Off we went to some stables, where a young boy came out with very good horses all nicely tacked up and a beautiful grey with no saddle or bridle for him. We started at the top of an endless beach, as this lad galloped into the water and leapt effortlessly over rocks. I've never seen man and beast so completely as one.

Best meal abroad?

The Grove in Auckland. They serve really unusual flavours – wonderful crayfish and snapper paired with fruit and pomegranate, followed by an exquisite chocolate pudding.

Favourite city?

Paris. I worked there as a tour guide when I was a student. I would collect a bus load of American tourists from the airport, lead them around the city – along the Seine and the Champs Elysées, to Montmartre and the Moulin Rouge. We had the most wonderful time. I remain a Francophile to this day.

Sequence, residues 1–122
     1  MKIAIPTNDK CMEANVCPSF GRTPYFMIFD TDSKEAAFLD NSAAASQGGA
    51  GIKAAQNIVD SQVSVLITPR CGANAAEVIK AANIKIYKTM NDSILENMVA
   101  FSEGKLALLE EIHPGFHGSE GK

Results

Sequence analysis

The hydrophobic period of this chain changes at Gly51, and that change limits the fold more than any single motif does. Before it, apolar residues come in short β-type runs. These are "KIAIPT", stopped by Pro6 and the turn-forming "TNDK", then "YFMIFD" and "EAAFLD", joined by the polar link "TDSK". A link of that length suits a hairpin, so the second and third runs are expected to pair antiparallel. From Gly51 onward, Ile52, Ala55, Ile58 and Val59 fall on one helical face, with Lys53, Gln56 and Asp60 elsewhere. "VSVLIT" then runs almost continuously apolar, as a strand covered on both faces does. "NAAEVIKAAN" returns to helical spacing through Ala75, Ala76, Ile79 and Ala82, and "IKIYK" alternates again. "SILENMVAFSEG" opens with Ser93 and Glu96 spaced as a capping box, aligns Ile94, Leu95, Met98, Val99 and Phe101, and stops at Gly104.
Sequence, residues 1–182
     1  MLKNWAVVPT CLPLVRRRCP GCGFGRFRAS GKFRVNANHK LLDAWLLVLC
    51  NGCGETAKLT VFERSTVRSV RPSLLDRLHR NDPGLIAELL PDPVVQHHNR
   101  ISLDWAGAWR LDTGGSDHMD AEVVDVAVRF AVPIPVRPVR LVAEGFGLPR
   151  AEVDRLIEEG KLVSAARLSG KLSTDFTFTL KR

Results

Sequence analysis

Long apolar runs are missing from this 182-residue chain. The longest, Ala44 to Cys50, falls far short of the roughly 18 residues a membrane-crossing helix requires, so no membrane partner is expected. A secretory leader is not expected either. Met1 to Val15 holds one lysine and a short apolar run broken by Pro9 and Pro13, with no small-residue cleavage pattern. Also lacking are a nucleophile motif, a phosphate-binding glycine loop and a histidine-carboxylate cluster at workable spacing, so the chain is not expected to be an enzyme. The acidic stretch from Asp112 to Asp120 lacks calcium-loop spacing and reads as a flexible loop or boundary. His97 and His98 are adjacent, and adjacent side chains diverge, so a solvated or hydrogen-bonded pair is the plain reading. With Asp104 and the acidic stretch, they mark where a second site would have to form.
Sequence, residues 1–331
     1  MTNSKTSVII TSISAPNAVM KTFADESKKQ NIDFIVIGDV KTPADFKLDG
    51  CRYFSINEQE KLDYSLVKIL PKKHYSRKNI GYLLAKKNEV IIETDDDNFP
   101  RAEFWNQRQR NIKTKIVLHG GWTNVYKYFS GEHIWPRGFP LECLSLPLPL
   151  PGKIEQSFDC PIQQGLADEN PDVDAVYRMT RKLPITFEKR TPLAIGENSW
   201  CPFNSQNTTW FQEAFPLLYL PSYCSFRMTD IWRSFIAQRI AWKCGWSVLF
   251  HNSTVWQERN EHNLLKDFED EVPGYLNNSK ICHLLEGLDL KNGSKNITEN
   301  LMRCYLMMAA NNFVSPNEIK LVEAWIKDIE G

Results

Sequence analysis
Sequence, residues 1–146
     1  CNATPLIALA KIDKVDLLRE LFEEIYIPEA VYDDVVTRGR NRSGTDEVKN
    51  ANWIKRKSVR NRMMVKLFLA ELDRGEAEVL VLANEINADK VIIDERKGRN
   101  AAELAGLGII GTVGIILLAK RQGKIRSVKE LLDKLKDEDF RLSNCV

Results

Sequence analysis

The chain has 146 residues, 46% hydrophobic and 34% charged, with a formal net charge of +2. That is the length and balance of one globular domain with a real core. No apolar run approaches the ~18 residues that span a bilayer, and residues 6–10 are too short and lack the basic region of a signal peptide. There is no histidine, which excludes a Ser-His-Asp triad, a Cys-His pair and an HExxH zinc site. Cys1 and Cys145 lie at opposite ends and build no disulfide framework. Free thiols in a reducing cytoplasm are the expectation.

Where next?

South America to visit our son. He's a vet and works all over the world. Depending on where he goes next, we're off to Peru or Bolivia.

Jenni Murray's book 'My Boy Butch' is published in paperback by HarperCollins on 8 December

The Independent travel offers: Discover a world of inspiring destinations

News
peopleFrankie Boyle responds to referendum result in characteristically offensive style
News
news
Life and Style
Couples have been having sex less in 2014, according to a new survey
life
New Articles
i100... with this review
PROMOTED VIDEO
Have you tried new the Independent Digital Edition apps?
Voices
Holly's review of Peterborough's Pizza Express quickly went viral on social media